Secretary of State for the Environment to the Cotswolds Conservation Board

Published: Wednesday July 29, 2020

A rector of rural parishes in the Cotswolds has been appointed by the Secretary of State for the Environment to the Cotswolds Conservation Board, which oversees the Cotswold Area of Outstanding Natural Beauty.

Canon John Swanton, Team Rector of the South Cotswolds Team Ministry in the diocese of Gloucester, has responsibility for 15 parishes and 22 historic church buildings in the Cotswolds countryside.  Until 2011, John had been a self-supporting minister and working in local government in Surrey, primarily in housing, and attached to the parishes of Compton, Shackleford and Peper Harow in the Guildford diocese.  He has a particular passion for affordable housing and rural homes for local people.

The Cotswolds is the largest designated area of outstanding natural beauty in England covering just over 2,000 sq km.  It is a particularly special place – a living working landscape for everyone to enjoy.

Canon Swanton said, “This is a fascinating and challenging role – working with a team from county, district and parish councils seeking to welcome visitors to enjoy this countryside, whilst working to protect what is precious and support those whose livelihoods are made from the land.  I bring expertise and experience from my work in local government and in rural housing; as well as insights from ministering in Cotswold, and an understanding the practicalities of managing beautiful ancient church buildings – many of which are open to visitors each day of the year.  Bibury is a particular tourist hotspot amongst my parishes.”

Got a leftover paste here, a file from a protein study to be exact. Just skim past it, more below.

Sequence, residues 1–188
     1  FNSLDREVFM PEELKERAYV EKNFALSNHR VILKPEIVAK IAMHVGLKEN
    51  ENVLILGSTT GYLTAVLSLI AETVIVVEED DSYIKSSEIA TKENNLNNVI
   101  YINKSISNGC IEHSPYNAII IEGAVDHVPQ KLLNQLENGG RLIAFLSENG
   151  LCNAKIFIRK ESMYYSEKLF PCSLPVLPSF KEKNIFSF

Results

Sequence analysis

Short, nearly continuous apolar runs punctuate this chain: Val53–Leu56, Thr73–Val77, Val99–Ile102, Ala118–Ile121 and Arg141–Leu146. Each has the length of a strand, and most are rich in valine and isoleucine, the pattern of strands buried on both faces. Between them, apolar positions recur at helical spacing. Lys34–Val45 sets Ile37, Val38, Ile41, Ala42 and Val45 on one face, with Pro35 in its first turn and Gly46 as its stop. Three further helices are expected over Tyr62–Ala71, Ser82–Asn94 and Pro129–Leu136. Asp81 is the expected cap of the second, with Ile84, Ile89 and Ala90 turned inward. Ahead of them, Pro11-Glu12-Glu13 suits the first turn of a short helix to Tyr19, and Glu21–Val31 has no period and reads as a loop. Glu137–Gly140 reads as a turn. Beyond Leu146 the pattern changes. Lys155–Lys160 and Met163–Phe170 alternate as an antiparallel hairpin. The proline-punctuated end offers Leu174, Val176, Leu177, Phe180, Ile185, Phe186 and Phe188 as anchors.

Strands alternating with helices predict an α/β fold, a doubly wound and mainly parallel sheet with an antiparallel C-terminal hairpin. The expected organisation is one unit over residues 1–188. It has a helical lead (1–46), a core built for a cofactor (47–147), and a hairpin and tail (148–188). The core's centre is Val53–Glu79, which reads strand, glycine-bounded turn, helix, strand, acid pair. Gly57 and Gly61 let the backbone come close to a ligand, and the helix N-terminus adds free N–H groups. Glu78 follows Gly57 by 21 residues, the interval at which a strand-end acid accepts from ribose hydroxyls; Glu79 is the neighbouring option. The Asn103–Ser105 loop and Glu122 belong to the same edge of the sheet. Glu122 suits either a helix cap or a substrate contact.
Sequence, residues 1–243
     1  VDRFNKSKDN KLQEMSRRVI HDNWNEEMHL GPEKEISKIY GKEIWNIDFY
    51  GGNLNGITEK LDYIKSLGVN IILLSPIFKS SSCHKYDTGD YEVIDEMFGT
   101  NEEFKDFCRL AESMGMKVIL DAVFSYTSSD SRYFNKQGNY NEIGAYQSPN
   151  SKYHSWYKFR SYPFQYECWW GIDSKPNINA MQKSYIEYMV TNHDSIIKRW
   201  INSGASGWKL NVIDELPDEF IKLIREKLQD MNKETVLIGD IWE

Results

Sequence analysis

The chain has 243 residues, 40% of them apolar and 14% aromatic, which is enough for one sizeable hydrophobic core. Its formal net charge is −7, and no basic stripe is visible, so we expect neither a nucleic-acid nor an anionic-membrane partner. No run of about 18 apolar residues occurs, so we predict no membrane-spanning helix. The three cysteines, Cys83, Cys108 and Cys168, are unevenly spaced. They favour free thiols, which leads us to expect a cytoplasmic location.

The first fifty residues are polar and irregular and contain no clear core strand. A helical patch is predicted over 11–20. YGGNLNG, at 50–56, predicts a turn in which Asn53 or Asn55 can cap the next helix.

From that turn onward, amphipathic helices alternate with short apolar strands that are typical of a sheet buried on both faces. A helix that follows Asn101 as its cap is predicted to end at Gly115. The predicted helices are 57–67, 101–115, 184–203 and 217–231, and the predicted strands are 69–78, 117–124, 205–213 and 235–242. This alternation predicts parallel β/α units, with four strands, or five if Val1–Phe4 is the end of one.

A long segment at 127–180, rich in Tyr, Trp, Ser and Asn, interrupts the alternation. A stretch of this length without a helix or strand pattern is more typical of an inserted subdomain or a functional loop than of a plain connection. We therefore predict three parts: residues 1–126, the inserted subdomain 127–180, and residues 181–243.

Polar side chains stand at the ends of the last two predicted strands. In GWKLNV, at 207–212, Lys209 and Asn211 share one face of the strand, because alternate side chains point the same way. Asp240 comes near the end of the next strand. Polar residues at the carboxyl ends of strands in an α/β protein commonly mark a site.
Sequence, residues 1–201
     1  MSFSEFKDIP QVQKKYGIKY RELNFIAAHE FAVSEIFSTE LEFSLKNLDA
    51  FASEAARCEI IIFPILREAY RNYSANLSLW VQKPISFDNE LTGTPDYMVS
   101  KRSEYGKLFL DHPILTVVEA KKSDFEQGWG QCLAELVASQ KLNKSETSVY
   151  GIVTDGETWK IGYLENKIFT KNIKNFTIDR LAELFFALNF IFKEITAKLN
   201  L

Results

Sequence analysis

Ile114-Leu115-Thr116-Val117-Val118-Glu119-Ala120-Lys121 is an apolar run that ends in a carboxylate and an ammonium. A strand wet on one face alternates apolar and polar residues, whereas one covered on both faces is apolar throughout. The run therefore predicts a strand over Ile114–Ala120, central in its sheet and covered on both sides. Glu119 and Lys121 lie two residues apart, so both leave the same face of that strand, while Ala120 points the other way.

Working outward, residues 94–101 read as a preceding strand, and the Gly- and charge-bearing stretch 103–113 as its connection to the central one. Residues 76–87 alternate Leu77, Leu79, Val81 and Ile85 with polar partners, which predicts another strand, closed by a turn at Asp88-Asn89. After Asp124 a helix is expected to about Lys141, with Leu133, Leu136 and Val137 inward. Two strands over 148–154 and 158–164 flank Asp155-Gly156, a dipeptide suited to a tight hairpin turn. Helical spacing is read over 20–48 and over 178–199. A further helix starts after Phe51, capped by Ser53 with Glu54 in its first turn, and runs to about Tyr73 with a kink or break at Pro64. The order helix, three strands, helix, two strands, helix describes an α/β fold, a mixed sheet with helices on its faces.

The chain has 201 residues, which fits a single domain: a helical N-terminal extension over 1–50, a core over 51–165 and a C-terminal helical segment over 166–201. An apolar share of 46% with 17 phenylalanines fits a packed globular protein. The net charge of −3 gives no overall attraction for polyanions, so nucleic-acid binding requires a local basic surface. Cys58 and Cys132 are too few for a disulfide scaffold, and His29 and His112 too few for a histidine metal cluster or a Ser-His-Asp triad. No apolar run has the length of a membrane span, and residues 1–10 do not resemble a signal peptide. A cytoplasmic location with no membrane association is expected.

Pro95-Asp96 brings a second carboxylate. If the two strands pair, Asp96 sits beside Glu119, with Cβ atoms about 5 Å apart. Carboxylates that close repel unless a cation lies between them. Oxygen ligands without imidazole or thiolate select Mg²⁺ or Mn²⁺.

The Cotswolds is a rural area of south-central England covering parts of 6 counties, notably Gloucestershire and Oxfordshire.  Its rolling hills and grassland harbour thatched medieval villages, churches and stately homes built of distinctive local cream/yellow limestone.  The 102-mile Cotswold Way walking trail follows the Cotswold Edge escarpment from Bath in the south to Chipping Campden in the north.

Canon Swanton added, “The maintenance of ancient and environmentally important Cotswold drystone walls around churchyards is a particular challenge around here.  I have dubbed a couple of our churchyards ‘Operation Jericho’!  I know other PCCs face similar issues.”

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